In which I stop reading comment sections

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I’ve been hearing about the tragedy that happened in Kalamazoo on Tuesday night after a reckless (rumored intoxicated) driver plowed into a group ride, with 5 riders declared dead on the scene.

I’ve been trying to distance myself mentally and emotionally from this horrific news. But this photograph of the riders’ bicycles was too much to ignore. Along with some of the comments, because yes I read comment sections despite my own better judgment telling me not to.

There is a lot of victim blaming going on in the news this week. We all wish that tragedies could be prevented, but you don’t tell legal road users to stay off the roads because “what do you expect will happen”.

What do I expect? I expect others to look where they are going when they are managing a 2-ton vehicle and assume appropriate responsibility for it. I expect that if you are behind the wheel, you will know where the brake pedal is and apply it when necessary. If you are not able to slow down and steer enough to not kill other people, then you should not be driving a vehicle.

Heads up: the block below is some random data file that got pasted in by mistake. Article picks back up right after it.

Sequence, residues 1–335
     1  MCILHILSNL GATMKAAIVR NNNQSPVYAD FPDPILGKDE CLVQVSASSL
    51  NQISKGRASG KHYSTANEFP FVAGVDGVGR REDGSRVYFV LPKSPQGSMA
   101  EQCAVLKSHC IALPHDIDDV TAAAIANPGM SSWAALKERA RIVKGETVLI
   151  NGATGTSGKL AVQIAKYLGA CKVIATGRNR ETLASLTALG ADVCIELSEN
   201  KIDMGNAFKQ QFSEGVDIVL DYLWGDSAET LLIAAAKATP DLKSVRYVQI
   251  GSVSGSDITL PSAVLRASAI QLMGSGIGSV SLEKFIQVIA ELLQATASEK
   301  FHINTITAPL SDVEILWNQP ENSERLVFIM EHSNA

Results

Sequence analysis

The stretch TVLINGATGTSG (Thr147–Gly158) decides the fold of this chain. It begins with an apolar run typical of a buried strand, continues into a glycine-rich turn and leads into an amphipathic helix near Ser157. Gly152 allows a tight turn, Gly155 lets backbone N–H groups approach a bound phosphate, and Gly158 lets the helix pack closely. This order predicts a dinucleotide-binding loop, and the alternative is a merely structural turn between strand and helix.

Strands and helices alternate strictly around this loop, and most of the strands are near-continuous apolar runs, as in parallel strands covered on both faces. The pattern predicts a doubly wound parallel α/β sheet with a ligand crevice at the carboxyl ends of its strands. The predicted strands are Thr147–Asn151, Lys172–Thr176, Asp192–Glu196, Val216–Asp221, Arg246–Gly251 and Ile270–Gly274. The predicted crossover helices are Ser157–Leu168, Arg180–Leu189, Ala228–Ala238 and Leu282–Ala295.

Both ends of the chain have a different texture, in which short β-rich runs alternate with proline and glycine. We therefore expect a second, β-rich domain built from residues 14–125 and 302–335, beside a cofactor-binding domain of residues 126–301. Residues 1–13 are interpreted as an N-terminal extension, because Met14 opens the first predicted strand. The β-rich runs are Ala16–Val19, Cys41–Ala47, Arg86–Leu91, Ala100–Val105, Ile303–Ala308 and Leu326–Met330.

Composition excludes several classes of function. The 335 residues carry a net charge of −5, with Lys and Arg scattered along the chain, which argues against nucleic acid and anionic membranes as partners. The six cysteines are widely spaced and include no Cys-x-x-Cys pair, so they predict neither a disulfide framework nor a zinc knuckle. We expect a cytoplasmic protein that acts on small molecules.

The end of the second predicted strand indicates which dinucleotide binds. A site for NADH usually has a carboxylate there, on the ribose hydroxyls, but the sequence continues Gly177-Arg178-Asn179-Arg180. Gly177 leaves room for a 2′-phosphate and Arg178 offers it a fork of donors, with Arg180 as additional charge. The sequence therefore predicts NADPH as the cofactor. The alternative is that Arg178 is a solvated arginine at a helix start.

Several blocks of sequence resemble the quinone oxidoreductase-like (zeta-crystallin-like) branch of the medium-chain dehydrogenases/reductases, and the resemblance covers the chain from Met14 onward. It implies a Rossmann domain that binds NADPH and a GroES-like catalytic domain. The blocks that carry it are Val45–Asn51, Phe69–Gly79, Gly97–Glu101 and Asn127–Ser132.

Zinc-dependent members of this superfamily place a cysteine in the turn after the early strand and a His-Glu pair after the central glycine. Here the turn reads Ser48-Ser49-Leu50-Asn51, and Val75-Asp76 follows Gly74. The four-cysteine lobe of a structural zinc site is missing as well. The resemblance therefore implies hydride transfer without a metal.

Cyclists are not naive or stupid. We are not selfish. We are determined. At least half of my casual conversations end with someone telling me “be safe”. Coworkers tell me I am brave for commuting on the roads every day. My friends ask me to call or text them when I get home. My boyfriend has an app to locate me should I get injured or not come home one day. Most cyclists can relate to these as routine exchanges.

Every time I ride, I realize that my life is in the hands of other road users. If I die on my bike, I am not going to die because I was an obstruction in the road, and my helmet will probably not save my life. I will die from either someone deciding that their rush is more important than my life and passing unsafely, or they will be texting or sending a snapchat, and they will not even see me at all. I don’t hate drivers and after commuting for two years, I can count on one hand the mild unpleasant encounters I’ve had with cars on the road.  But statistically speaking, I will die because someone else is being an asshole.

There will be plenty more said about this incident before the news moves on to the next headline. But we have to remember that the easiest answer isn’t necessarily the right answer. We cannot be shortsighted in how we deal with tragedies like this if we want to truly make them a thing of the past.

My heart is with the families of those we lost on Tuesday. In their memory, we ride onward.

In which I stop reading comment sections